From the climate scientists at the National Oceanic and Atmospheric Administration (NOAA):
Averaged as a whole, the global land and ocean temperature for September 2017 was 0.78°C (1.40°F) higher than the 20th century average of 15.0°C (59.0°F). This was the fourth highest September temperature on record for the globe since records began in 1880, behind 2015 (+0.93°C / +1.67°F), 2016 (+0.88°C / +1.58°F), and 2014 (+0.79°C / +1.42°F). The 10 warmest Septembers have occurred during the 21st century, specifically since 2003. September 2017 also marks the 41st consecutive September and the 393rd consecutive month with temperatures at least nominally above the 20th century average.And then there's the year-to-date:
The first nine months of the year have each ranked among the top four warmest months on record, giving way to the second highest January–September period in the 138-year record at 0.87°C (1.57°F) above the 20th century average of 14.1°C (57.5°F), trailing behind the record year of 2016 by 0.13°C (0.23°F), but ahead of 2015 by 0.01°C (0.02°F). Nine of the 10 warmest January-September global land and ocean temperatures occurred during the 21st century (since 2005), with only one year from the 20th century (1998) among the top 10.Meanwhile in the climate-denying White House, the assault on science continues:
Before becoming President Trump’s Environmental Protection Agency Administrator, Scott Pruitt spent years fighting environmental regulation. Since taking over the EPA, Pruitt has denied the scientific community’s consensus opinion on global warming and removed most mentions of climate change from the EPA website, leaving agency employees worried that they will be prevented from keeping the public informed about climate change. Those concerns appear to have been borne out over the weekend, when the EPA barred three of its scientists from giving presentations on climate change at a conference in Rhode Island.It's hardly surprising that the Trump White House would attempt to stop the science, given that the report's Executive Summary actually begins with this:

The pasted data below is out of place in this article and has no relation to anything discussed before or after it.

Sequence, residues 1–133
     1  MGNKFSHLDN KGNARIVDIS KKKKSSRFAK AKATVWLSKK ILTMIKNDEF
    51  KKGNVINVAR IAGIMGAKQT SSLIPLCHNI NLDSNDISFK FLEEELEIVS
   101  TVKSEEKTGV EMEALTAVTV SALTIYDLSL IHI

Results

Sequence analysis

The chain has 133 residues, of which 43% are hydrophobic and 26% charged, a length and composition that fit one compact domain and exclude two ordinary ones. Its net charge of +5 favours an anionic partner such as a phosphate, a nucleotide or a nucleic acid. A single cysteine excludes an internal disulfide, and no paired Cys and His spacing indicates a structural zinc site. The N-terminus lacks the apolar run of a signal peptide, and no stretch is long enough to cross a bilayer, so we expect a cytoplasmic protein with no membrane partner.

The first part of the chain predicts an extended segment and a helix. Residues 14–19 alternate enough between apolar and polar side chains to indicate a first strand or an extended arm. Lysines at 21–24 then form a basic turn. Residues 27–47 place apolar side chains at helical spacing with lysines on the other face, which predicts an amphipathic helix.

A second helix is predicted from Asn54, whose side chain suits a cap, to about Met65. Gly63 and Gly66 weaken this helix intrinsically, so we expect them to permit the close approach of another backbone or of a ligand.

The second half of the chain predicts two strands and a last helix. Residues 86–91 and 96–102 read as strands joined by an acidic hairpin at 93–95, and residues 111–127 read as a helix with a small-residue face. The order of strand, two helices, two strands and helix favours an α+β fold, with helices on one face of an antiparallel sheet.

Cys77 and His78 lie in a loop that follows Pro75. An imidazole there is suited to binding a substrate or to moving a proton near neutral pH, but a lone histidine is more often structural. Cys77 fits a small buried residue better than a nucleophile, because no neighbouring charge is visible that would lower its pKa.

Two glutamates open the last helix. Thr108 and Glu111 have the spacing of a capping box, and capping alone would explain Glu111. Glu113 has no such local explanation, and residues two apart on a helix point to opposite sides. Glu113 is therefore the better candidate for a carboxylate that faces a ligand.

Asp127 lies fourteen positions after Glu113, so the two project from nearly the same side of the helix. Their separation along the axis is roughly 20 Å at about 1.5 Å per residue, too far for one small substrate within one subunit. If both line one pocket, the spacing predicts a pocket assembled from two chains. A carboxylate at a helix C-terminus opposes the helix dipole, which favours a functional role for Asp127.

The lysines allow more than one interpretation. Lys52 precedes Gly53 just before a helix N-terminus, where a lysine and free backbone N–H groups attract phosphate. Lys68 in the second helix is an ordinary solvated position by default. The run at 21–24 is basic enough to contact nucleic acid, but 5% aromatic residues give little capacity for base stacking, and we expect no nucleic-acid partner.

As the New York Times first reported, EPA scientists Autumn Oczkowski, Rose Martin, and Emily Shumchenia were scheduled to speak at Monday’s State of the Narragansett Bay and Watershed, an event that will coincide with the release of a report on the health of Narragansett Bay. Oczkowski, Martin, Shumchenia all contributed to the report, which, according to organizers, features “significant” discussion of how climate change has affected the bay. Tom Borden, whose Narragansett Bay Estuary Program is hosting the conference, told the Times that an EPA official called him on Friday to cancel the scientists’ appearances. “I was not really provided with a clear explanation,” Borden said. “He advised me that it was the decision of the E.P.A. Office of Public Affairs.”
Today’s environmental status of Narragansett Bay (Bay) and the entire Narragansett Bay Watershed (Watershed) is the result of hundreds of years of human activities and environmental variability. Numerous organizations have worked together for decades to reverse trends of declining environmental conditions and to understand new threats such as those associated with climate change.And then a few paragraphs later:
Stressors associated with climate change are increasing rapidly. Air and water temperatures are warming, the intensity and seasonality of precipitation are changing, and sea level is rising. These stressors are already causing ecological responses such as altering the estuarine fish community, with warm-water species increasing and cold-water species declining. Impacts of climate change on the cities, towns, and ecosystem of Narragansett Bay are projected to intensify, such as increased flooding and erosion of coastal properties, loss of salt marshes, and potentially more beach closures due to pathogens. Adaptation will require well-informed action by local communities.Meanwhile it's still getting warmer out there, no matter what the little-handed pussy-grabber says.